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Ganj Dareh (Persian: تپه گنج دره; "Treasure Valley" in Persian,[2] or "Treasure Valley Hill" if tepe/tappeh (hill) is appended to the name) is a Neolithic settlement in the Iranian Kurdistan portion of Iran. It is located to the east of Kermanshah, in the central Zagros Mountains.[2]

Ganj Dareh
تپه گنج دره
The early village site of Ganj Darreh near Kermanshah
The early village site of Ganj Darreh near Kermanshah
Location in Iran
Location in Iran
Location in Iran
Location Kermanshah Province, Iran
Region Gamas-Ab Valley
Coordinates 34°16′20″N 47°28′33″E / 34.2721°N 47.4758°E / 34.2721; 47.4758Coordinates: 34°16′20″N 47°28′33″E / 34.2721°N 47.4758°E / 34.2721; 47.4758
Altitude 1,400 m (4,593 ft)[1]
Type mound settlement
History
Founded ca. 10,000
Periods Neolithic
Associated with pastoralists
Site notes
Excavation dates 1967-1974[1]
Map showing location of Ganj Dareh and other locations of early herding activity.

First discovered in 1965, it was excavated by Canadian archaeologist, Philip Smith during the 1960s and 1970s, for four field seasons.[2][3]

The oldest settlement remains on the site date back to ca. 10,000 years ago,[4] and have yielded the earliest evidence for goat domestication in the world.[5][6][7] The only evidence for domesticated crops found at the site so far is the presence of two-row barley.[1]

The remains have been classified into five occupation levels, from A, at the top, to E.[8]

Contents

GeneticsEdit

Researchers sequenced the genome from the petrous bone of a 30-50 woman from Ganj Dareh, GD13a. mtDNA analysis shows that she belonged to Haplogroup X. She phenotypically similar to the Anatolian early farmers and Caucasus Hunter-Gatherers. Her DNA revealed that she had black hair, brown eyes and was lactose intolerant. The derived SLC45A2 variant associated with light skin was not observed in GD13a, but the derived SLC24A5 variant which is also associated with the same trait was observed. [1]

GD13a is genetically closest to the ancient Caucasus Hunter-Gatherers identified from human remains from Georgia (Satsurblia Cave and Kotias Klde), while also sharing genetic affinities with the people of the Yamna culture and the Afanasevo culture. She belonged to a population that was genetically distinct from the Neolithic Anatolian farmers. In terms of modern populations, she shows some genetic affinity with the Baloch people, Makrani caste and Brahui people. Her population did not contribute very much genetically to modern Europeans.[1]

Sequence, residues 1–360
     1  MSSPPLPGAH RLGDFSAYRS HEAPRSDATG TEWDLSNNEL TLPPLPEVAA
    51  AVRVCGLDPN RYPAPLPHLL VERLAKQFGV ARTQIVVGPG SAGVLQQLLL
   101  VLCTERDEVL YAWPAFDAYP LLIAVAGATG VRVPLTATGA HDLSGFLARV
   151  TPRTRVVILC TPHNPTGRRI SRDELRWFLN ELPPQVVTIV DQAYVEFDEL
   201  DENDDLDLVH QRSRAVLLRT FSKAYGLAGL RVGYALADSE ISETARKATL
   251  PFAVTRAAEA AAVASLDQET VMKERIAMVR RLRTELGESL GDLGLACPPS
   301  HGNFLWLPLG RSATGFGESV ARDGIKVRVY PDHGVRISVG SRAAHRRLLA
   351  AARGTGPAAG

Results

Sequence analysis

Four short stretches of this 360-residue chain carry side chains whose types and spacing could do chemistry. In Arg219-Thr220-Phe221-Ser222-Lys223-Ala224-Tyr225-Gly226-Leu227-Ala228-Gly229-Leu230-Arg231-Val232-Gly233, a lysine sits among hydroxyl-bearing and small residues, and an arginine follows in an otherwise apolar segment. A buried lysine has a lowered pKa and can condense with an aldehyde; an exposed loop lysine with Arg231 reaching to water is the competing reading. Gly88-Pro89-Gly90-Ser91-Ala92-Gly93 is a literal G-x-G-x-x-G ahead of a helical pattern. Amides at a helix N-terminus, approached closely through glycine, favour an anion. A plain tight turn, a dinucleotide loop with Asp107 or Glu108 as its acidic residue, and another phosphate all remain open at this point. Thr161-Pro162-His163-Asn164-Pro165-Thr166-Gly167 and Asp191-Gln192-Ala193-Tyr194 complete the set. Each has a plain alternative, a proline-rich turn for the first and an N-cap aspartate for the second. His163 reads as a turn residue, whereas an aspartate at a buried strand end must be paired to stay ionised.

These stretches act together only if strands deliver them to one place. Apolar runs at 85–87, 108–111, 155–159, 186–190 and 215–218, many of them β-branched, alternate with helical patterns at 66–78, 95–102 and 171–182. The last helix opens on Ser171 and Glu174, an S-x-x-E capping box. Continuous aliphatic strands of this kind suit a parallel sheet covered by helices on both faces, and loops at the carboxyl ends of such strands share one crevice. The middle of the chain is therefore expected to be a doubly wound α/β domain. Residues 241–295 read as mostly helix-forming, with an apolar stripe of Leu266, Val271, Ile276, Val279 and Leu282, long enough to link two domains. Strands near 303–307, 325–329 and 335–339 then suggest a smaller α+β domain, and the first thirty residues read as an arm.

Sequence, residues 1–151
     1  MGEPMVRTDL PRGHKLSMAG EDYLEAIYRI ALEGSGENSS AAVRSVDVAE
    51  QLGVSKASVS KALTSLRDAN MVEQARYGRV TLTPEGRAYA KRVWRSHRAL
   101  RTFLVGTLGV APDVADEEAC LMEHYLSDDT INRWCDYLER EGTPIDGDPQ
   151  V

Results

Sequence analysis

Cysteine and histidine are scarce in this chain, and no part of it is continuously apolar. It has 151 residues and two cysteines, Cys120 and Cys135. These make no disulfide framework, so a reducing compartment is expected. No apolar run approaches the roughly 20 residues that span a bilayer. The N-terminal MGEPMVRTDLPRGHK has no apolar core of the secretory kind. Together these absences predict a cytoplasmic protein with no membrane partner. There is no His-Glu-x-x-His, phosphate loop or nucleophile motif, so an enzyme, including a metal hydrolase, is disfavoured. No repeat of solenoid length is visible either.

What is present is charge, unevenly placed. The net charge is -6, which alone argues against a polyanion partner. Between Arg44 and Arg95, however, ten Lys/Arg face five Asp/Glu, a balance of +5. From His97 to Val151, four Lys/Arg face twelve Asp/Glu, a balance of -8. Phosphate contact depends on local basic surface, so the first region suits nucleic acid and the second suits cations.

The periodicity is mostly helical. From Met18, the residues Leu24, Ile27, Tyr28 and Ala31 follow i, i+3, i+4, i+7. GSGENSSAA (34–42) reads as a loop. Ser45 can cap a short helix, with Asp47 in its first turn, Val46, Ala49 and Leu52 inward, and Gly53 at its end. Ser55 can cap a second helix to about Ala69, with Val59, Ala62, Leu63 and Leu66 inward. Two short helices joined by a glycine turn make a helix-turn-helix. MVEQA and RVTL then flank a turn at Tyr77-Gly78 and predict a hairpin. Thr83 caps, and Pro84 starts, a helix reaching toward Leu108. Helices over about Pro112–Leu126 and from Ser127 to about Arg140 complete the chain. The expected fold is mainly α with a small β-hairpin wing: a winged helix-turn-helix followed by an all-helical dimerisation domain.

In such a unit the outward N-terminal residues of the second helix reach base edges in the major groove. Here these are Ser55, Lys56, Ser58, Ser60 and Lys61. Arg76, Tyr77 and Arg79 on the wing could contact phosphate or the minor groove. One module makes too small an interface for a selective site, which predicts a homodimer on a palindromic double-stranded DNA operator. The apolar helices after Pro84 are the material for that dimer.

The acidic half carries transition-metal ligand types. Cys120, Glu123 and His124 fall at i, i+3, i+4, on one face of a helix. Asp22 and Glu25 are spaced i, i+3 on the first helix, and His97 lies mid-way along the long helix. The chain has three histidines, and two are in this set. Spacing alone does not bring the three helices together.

ReferencesEdit

  1. ^ a b c d e Gallego-Llorente, M.; et al. (2016). "The genetics of an early Neolithic pastoralist from the Zagros, Iran". Scientific Reports. 6: 31326. PMC 4977546 . PMID 27502179. doi:10.1038/srep31326.    This article contains quotations from this source, which is available under the Creative Commons Attribution 4.0 International (CC BY 4.0) license.
  2. ^ a b c Smith, Philip E.L. Architectural Innovation and Experimentation at Ganj Dareh, Iran, World Archaeology, Vol. 21, No. 3 (February, 1990), pp. 323-335
  3. ^ Smith, Philip E.L., Ganj Dareh Tepe, Paleorient, Vol. 2, Issue 2-1, pp.207-09 (1974)
  4. ^ Zeder, Melinda A.; Hesse, Brian (2000). "The Initial Domestication of Goats (Capra hircus) in the Zagros Mountains 10,000 Years Ago" (PDF). Science. 287: 2254. doi:10.1126/science.287.5461.2254. 
  5. ^ What's Bred in the Bone, Discover (magazine), July 2000 ("After investigating bone collections from ancient sites across the Middle East, she found a dearth of adult male goat bones—and an abundance of female and young male remains—from a 10,000-year-old settlement called Ganj Dareh, in Iran's Zagros Mountains. This provides the earliest evidence of domesticated livestock, Zeder says.")
  6. ^ Harris, David R. (ed.) The origins and spread of agriculture and pastoralism in Eurasia, pp. 208, 249-52 (UCL Press 1996) (Reprint ISBN 978-1-85728-538-3)
  7. ^ Natural History Highlight: Old Goats In Transition, National Museum of Natural History (July 2000)
  8. ^ Yelon, A., et al. Thermal Analysis of Early Neolithic Pottery From Tepe Ganj Dareh, Iran, in Materials issues in art and archaeology III (1992)

BibliographyEdit

  • Agelarakis A., The Palaeopathological Evidence, Indicators of Stress of the Shanidar Proto-Neolithic and the Ganj-Dareh Tepe Early Neolithic Human Skeletal Collections. Columbia University, 1989, Doctoral Dissertation, UMI, Bell & Howell Information Company, Michigan 48106.
  • Robert J. Wenke: "Patterns in Prehistory: Humankind's first three million years" (1990)

External linksEdit